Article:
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Home / Business / Saudi Arabia dramatically changed oil exports to China and the United States

Saudi Arabia dramatically changed oil exports to China and the United States



A worker is standing by a pipeline looking at a torch pile at the oilfield complexes of Saudi Aramco in Shaybah, Saudi Arabia.

Reza / Getty Images

Saudi Arabia has seriously ramped up its oil exports to China in recent months.

How dramatic is the change? Take a look at this graph, which uses data from the oil ship tracking company TankerTrackers.

The Saudi Kingdom's crude shipments to China have doubled in a year. During the same period, oil exports to the United States fell by almost two-thirds.

According to TankerTrackers, which tracks oil tankers and shipments based on satellite imagery and the ships' automatic identification systems, Saudi Arabia exported a total of 1

,802,778 barrels per day (bpd) to China in July, compared with 921,811 bd as of August 2018. By contrast, exports to the United States in July 262,053 bd, almost 62% down from 687,946 bd as of August last year.

US sanctions against Iranian oil have helped shift. Major Asian energy importers such as China have been forced to move away from the Islamic Republic – OPEC's third-largest producer – and start buying more Saudi barrels to make up for that shortfall.

The United States is now more self-reliant than ever thanks to its own shale oil revolution, which helped it become the world's largest oil producer by the end of last year.

But the numbers also signal a mix of short-term tactics and long-term strategy for the Saudis, industry experts told CNBC.

Saudis & # 39; bang on the brakes & # 39; to the United States

"Saudi Arabia learned from the last OPEC cut in 2017 that they got the biggest bang for their buck by cutting flows into the largest, most transparent and timely market – the United States," said Matt Smith, director of commodity research at commodity analysis firm ClipperData, referring to the coordinated production cut that OPEC and its allies orchestrated to lay a floor below falling oil prices.

"Choking back the flow to the United States was the best way to take stock and turn on bearish sentiment, and they use the same tactics again."

ClipperData's figures, which differ from TankerTrackers due to different tracking methods, still show US crude oil imports in July down over 60% from last October.

Meanwhile, Smith said, while Saudi Arabia "applies the brakes to the most transparent market, sending more crude to the most opaque, China."

That's where some industry analysts say Riyadh uses short-term tactics: "Affecting what's still the most visible and closely monitored market indicator, US crude, "Antoine Halff, co-founder of energy market analytics firm Kayrros, told CNBC.

The market has largely relied on weekly US figures, which until the emergence of satellite imagery to provide greater openness about global equities – provided the best available picture of market conditions Despite the greater availability of world market inventory thanks to satellite data, it seems "The goal of influencing the US stock measurement to be very real for OPEC in general and for the Kingdom in particular," Halff said. "Right or wrong, this is the point of reference that everyone is looking at."

China, on the other hand, is not as future as the OECD countries about its shares, and the data is not as visible to the market. Halff notes that there are no established benchmark indices for Chinese equities as for the United States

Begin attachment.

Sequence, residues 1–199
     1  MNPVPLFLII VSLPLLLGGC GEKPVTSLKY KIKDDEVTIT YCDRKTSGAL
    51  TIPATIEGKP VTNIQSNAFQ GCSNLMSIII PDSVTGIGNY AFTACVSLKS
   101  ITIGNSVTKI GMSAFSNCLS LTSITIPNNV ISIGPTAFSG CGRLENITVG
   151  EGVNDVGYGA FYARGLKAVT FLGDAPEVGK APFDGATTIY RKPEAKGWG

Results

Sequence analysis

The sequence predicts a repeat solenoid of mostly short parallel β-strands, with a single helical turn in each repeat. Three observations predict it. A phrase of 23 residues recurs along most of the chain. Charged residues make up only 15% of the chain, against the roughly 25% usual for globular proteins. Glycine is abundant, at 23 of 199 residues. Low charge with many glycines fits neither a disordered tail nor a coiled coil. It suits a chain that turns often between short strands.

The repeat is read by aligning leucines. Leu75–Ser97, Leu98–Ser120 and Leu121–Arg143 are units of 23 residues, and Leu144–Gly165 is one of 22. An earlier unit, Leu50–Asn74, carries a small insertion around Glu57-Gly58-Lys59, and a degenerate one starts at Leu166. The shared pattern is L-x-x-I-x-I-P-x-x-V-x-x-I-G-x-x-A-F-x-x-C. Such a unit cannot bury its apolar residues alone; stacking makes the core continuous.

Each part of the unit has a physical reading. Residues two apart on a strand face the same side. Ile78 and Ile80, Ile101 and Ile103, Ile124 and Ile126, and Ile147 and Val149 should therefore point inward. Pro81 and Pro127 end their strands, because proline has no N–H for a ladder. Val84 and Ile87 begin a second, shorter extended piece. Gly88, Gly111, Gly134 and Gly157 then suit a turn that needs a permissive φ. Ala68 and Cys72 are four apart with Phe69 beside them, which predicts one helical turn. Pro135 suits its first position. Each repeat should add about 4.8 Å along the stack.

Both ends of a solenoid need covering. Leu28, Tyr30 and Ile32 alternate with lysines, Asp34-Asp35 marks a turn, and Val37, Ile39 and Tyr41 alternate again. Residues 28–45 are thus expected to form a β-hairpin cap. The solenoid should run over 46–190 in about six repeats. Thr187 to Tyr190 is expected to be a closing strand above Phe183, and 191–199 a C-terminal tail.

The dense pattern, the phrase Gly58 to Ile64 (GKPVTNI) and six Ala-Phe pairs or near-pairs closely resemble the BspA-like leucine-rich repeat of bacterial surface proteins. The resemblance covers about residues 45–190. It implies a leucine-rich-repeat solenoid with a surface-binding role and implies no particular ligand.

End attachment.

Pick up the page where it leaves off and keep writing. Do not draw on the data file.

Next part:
"Manufacturers are far less concerned with building Chinese equities than they are about building US or OECD equities for what it can signal to the market, " he said.

China, the "savvy buyer"

While TankerTrackers co-founder Samir Madani has described China as a kind of "black hole" for world oil exports, other oil analysts see a clear strategy from Beijing.

"The Chinese are very knowledgeable and sharp buyers, exporters who supply them have very good reasons for that," Halff said. In the current low oil price climate, the world's largest oil importer is pleased to increase its Saudi crude purchases as its appetite increases, especially given the launch of two new refineries that will increase its refining capacity by 800,000 bpd.

Employees close a valve of a pipe at a PetroChina refinery in Lanzhou, Gansu Province.

Stringer | Reuters

In the months following President Donald Trump's imposition of unilateral sanctions on Iran after withdrawing from Iran's nuclear deal in 2015, data show a dramatic surge in Chinese crude imports and crude oil. This is "partly, once again, thanks to the availability of Saudi barrels," Halff added, "either for precautionary reasons, for price opportunism, or in preparation for new refining capacity coming online – or all of that." 19659010] Saudi Arabia's Long Games in Asia

Unlocking the Asian market share is also a key long-term goal for Riyadh, as it is for other regional producers competing to capture downstream capacity across the continent. Saudi Aramco's plan to acquire a 20% stake in Indian refining and petrochemical giant Reliance is the latest example of this.

Nor is there a risk for the Saudis to lose the US as a customer thanks to its giant Aramco-owned Motiva refinery in Texas. Therefore, "Aramco is willing to increase or decrease to the United States based on its own needs," says Ellen Wald, president of Transversal Consulting and author of the book "Saudi, Inc." She is being asked because she wants to maintain that relationship, she told CNBC in an email. "In short," she said, "Aramco is good at increasing or decreasing its exports to the United States based on its own needs, but in China it wants to meet demand based on customer requests."


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